She was about to drop out of an engineering design class that culminates in a robotics competition. But Shushoma Sravostee’s classmates stepped in to help, offering support and reassurance. On June 13, she and her three teammates won the overall competition, taking home intricate 3D-printed trophies—and bragging rights.
In addition to technical know-how, Sravostee and her classmates said they learned the value of team work. “We were in the design studio for three hours, every day,” the environmental engineering major said. “If it had been just work, I wouldn’t have made it. I love my team.”
Students had 10 weeks to design their robot as part of the MAE 3 class for freshmen and sophomores as well as junior transfer students. The class culminates in a contest at the Muir Gym. More than 200 students divided into 48 teams took part in the event.
To earn first place, students had to build a robot capable of picking up billiard balls from different heights and dropping them into a triangle-shaped area, simulating the rack where balls are stored at the beginning of each pool game. The robots are driven remotely by two students on each team. The goal was to pick up as many balls as possible while competing against another team.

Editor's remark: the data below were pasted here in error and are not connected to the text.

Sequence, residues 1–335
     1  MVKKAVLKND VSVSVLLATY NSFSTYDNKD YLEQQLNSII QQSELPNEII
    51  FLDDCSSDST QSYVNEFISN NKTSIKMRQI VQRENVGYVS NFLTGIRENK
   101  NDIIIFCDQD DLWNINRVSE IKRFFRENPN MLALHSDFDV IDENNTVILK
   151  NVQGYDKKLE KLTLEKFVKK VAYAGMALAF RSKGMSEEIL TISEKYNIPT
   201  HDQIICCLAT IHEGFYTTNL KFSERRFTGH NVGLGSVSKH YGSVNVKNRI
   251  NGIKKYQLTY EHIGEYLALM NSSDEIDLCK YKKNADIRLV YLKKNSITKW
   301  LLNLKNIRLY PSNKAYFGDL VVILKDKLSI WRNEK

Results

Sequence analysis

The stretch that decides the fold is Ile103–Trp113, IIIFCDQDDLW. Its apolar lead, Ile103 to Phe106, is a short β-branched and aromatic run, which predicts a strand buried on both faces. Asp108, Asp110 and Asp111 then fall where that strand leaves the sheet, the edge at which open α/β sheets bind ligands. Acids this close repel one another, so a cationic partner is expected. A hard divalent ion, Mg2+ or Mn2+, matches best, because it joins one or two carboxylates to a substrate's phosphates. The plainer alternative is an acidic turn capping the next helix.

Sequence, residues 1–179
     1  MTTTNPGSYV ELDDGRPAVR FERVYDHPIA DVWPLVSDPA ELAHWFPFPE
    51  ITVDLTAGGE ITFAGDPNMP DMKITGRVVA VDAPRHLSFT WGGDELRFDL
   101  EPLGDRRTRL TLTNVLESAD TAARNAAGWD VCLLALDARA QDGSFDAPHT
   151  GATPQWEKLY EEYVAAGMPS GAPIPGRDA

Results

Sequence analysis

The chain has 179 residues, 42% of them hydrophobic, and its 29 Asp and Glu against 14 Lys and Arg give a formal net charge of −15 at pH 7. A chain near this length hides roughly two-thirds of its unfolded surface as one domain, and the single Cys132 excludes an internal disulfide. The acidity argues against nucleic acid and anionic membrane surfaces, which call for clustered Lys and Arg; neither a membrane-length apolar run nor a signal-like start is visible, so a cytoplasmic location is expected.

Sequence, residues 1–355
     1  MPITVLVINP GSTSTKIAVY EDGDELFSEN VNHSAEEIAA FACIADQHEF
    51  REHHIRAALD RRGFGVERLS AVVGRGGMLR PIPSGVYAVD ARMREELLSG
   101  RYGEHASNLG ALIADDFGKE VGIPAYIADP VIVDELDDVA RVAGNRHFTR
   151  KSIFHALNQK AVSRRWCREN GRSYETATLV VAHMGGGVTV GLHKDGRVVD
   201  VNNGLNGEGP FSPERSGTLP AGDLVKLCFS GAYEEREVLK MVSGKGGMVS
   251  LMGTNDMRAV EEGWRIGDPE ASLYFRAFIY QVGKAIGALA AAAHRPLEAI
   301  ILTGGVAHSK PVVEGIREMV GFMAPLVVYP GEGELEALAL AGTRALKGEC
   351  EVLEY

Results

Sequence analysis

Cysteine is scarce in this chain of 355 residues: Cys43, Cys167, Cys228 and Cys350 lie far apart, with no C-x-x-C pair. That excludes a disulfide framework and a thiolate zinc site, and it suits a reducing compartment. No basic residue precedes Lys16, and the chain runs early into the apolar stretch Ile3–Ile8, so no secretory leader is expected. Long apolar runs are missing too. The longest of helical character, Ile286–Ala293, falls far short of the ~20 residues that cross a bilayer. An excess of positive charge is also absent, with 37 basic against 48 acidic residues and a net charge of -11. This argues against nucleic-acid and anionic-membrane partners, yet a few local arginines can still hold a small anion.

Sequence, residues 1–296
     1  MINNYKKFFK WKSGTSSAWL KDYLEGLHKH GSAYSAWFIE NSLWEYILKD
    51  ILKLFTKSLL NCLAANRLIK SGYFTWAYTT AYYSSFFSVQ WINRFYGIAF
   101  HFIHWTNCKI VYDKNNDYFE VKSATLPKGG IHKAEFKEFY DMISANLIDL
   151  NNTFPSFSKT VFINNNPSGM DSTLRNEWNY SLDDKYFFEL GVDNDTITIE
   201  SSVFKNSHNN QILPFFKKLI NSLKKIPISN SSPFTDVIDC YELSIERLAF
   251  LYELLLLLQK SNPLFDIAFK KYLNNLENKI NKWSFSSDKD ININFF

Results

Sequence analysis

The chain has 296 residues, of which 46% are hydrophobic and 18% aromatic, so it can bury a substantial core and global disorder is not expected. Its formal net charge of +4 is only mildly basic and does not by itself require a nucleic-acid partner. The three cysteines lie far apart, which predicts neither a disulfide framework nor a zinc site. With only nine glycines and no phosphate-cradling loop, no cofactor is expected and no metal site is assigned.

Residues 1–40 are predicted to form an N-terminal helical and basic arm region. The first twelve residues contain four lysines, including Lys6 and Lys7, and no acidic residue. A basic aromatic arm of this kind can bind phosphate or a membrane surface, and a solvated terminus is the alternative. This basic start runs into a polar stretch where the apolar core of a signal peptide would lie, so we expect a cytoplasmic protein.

In past years, robots built by students have had to manipulate golf balls and whiffle balls, in competitions with themes ranging from Star Wars to the Olympics. This year, the main challenge was to lift heavy objects, hence the billiard balls, said Nick Gravish, a mechanical engineering professor who co-taught the class with fellow mechanical engineering professor Javier Garay.
“The students have surpassed our expectations,” Gravish said. “Their designs are really impressive.”
The winning robot had a drawbridge-like structure that allowed it to both pick up and drop off the billiard balls. “We had a simple design but we pulled it off,” said Dianne Foronda, a freshman and member of team RAMP-age, the competition winners.
Working on a project that actually had to deliver results is a great experience for aspiring engineers, Garay said. “You can’t just use example problems,” he added.
MAE 3 provides students with invaluable hands-on experience, Gravish said. Students can chose to spend as much, or as little, time as they want on their robot. For Sravostee and her team, that meant showing up in the design studio in the EBU-II building three hours a day, every day. The studio is equipped with laser cutters and 3D printers. Students also have access to the machine shop.
All the hours spent in the lab allowed the team to come together. “Our chemistry is what helped,” Foronda said. “Also, we had good driving skills.”
Source : University of California, San Diego